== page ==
Previous section: “Feelings of Disappointment“
Today’s section from Descending into War, Descending into Contempt, pp. 14-17:
Feelings of Emasculation
Relationships require validation of all the participants. The relationships, whether between two people or many nations, establish frameworks in which people can create their lives. Validation comes from feeling secure in the relationships.
The feeling of security is very important to men and women. It enables them to work towards common goals—goals that fulfill expectations and aspirations. When security is lacking in relationships, people experience conflict. They can also experience instability, fear, and abandonment. Insecurity in relationships, no matter the size of the relationships—in a marriage, in a business partnership, or in negotiations with comparably situated people (negotiations between businesses, organizations, or nations)—affects feelings particular to men.
Men who feel powerful in negotiations in which the other side(s) feels powerless, temporarily feel satisfied, but experience insecurity due to recognition that the “winning” brings with it the mistrust of the other side(s). For the “powerful”, the sense of domination creates an atmosphere of neverending control that must be maintained; otherwise, winning will be lost, and this responsibility to be powerful emasculates them through self-inflicted castigation. Winning appears to be the goal, but in actuality, winning places the powerful in a prison of neverending doubts and posturing.
Men who feel powerless in negotiations develop protective shells around themselves that allow them to acquiesce or rationalize their inability to prevail. These shells are helpful in handling loss, but they don’t alleviate feelings of emasculation. The feelings of emasculation can cause withdrawal, depression, and desire for revenge.
Powerlessness in negotiations destabilizes society, because all those affected are surrounded by its effects on the men. Whether the powerlessness produces withdrawal, depression, or desire for revenge, these feelings simmer inside and influence actions. Powerlessness can create large reprisals when men who desire revenge group together and allow the revenge rallying call to determine their actions. The need for revenge is strong for men.
Men who feel rejected, whether by society or by individual society members, react. Their reactions are self-critical, or incite self-examination, or inspire hatred, or distance them from others. The reactions to self-criticism because of rejection can differ from rejection to rejection, depending on the frequency of rejections and the support network of the man being rejected.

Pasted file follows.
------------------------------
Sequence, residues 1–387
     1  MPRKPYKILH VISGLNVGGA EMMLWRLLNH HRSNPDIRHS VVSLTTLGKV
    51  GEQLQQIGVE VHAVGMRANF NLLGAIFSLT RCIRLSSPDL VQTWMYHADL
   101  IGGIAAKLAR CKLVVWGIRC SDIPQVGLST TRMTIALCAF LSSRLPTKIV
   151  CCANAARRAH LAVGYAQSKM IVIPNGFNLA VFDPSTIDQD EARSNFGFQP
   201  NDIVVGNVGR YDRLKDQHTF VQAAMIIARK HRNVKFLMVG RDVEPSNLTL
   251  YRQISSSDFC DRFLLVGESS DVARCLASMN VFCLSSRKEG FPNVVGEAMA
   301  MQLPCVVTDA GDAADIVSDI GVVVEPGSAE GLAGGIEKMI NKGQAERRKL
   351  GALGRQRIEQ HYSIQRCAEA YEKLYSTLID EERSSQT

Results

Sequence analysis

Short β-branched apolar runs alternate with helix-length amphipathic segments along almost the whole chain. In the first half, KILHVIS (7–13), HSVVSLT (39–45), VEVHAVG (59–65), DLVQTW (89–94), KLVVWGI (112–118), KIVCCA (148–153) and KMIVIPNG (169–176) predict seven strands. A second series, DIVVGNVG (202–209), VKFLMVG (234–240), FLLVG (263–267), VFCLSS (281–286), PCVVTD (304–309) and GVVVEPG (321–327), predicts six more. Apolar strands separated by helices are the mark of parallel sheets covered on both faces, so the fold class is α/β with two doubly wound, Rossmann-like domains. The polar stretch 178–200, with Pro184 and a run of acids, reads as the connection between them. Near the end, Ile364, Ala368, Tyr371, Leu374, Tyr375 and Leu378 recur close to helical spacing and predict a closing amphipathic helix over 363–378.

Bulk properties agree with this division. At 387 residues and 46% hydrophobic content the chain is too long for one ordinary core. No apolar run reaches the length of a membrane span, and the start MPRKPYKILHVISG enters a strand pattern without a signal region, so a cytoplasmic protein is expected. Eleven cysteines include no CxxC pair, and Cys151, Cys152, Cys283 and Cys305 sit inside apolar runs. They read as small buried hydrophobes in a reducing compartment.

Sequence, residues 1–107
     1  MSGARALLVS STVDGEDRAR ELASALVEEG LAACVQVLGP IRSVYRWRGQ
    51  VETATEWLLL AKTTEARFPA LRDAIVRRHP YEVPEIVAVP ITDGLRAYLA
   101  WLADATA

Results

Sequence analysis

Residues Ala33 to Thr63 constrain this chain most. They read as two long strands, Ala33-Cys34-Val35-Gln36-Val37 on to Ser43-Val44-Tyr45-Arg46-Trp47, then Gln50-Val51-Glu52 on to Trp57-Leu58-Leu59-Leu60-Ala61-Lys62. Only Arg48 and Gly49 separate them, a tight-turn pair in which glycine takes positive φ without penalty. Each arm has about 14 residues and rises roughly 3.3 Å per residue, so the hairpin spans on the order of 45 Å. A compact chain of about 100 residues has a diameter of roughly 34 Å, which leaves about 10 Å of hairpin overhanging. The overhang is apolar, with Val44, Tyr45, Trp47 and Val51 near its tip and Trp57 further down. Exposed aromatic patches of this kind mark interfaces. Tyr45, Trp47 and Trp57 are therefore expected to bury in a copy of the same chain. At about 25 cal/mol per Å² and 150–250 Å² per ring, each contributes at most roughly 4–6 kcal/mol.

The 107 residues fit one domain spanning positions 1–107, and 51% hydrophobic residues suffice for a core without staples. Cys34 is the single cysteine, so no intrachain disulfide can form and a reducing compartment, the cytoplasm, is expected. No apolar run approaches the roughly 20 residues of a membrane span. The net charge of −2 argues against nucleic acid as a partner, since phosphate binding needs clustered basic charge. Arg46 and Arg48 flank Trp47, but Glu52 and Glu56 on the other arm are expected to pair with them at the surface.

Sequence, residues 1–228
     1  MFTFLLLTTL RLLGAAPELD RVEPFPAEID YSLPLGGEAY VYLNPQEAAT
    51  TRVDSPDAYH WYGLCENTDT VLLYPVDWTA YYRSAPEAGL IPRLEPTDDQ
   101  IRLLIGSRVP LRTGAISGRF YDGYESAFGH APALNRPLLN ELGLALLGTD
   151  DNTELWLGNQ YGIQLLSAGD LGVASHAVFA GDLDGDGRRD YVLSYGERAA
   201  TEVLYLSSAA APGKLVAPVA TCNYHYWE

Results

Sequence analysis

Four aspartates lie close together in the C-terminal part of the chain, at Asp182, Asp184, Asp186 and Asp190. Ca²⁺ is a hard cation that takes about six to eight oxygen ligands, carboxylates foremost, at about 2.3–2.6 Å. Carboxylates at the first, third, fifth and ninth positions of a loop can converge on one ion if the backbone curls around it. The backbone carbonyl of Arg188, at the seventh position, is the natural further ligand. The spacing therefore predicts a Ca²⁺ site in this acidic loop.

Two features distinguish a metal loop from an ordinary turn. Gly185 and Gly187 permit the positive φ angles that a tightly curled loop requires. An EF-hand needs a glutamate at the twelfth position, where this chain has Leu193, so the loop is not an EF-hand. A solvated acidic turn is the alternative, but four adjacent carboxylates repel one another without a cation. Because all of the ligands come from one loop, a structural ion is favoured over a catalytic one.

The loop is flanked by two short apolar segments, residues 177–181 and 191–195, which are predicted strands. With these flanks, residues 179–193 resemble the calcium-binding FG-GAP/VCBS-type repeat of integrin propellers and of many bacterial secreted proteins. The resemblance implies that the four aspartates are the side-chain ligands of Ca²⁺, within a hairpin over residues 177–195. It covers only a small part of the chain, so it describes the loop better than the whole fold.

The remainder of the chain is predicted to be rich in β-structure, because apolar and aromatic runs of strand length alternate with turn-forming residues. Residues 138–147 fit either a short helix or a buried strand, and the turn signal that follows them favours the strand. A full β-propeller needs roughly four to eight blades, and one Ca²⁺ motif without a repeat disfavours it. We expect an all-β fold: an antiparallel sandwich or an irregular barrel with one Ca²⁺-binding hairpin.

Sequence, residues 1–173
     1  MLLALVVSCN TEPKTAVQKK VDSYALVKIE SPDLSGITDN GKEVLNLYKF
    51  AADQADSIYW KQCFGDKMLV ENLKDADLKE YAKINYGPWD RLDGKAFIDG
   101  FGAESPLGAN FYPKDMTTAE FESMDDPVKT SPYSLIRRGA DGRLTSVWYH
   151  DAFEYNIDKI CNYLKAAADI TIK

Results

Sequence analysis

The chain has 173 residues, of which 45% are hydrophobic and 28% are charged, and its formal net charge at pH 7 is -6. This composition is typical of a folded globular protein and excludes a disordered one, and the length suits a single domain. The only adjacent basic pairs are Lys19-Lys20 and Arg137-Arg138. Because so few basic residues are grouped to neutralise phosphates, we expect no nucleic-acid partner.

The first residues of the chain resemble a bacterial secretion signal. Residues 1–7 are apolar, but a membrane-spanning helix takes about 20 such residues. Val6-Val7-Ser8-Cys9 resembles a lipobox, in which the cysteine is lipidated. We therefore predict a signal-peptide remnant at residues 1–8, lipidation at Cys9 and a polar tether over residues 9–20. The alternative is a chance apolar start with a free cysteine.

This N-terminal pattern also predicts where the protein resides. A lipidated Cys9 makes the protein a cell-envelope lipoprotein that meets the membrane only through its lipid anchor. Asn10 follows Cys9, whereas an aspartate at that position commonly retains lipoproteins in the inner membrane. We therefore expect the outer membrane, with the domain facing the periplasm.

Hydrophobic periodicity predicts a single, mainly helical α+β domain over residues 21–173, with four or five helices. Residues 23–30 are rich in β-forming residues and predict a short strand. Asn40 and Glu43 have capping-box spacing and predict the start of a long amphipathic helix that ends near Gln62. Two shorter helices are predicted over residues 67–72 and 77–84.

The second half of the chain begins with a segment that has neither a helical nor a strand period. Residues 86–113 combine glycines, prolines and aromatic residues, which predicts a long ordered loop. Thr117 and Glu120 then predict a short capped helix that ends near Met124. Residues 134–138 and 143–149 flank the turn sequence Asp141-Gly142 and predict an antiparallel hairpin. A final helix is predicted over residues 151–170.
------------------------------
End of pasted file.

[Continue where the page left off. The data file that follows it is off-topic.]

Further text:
When the reactions to rejection are bewilderment and hurt, the reactions can intimidate some men and cause them to reduce connections to the hurtful sources of rejection. Bewilderment and hurt can also cause some men to examine social interactions, reassess the rejections, and use the rejections as lessons in life. Learning from rejection restores confident participation in relationships.
When the reactions to rejection are retreat and blame, men and women suffer. Men suffer more if they feel emasculated by the rejection. Feelings of reduced dignity or feelings of wronging one’s honor impact men differently, depending on character strength, past abuse from others, and feelings of superiority. The influences of societal expectations, judgment-altering catalysts (drugs [legal or illegal], alcohol, or overwhelming experiences of belittlement), or scruples sway a man towards—or away from—negative actions that trespass on others.
The sway towards harming others, be they people, animals, property or family, pushes actions that damage the others. The force of the sway towards harming others is strong, and it engulfs a man and takes over his reasoning capabilities. The strength of the force governs thoughts and overwhelms bodily weakness or intervention. The emasculated sense of self that has allowed the strength of the force towards negative action to take control over thoughts and justifies the feelings of emasculation, enables men to rape, over-damage, abuse, and ruin others.
The nature of men is NOT to do these things; the nature of destroyed sense of self creates the fantasy that men do these things. Men, no matter their testosterone, are NOT meant to harm; they are meant to create. Creating and building and exploring and challenging the body and mind are natural outlets for testosterone-driven men. Pillaging and abusing and oppressing and grandiosizing are the fantasies of men with destroyed sense of self.
The mix of rejection with feelings of superiority and disappointment is a powerful mix for contempt. Comfort in connections prevents emasculated thinking. Insecurity in relationships brings it forth.
Next section: “The Equation of Conflict”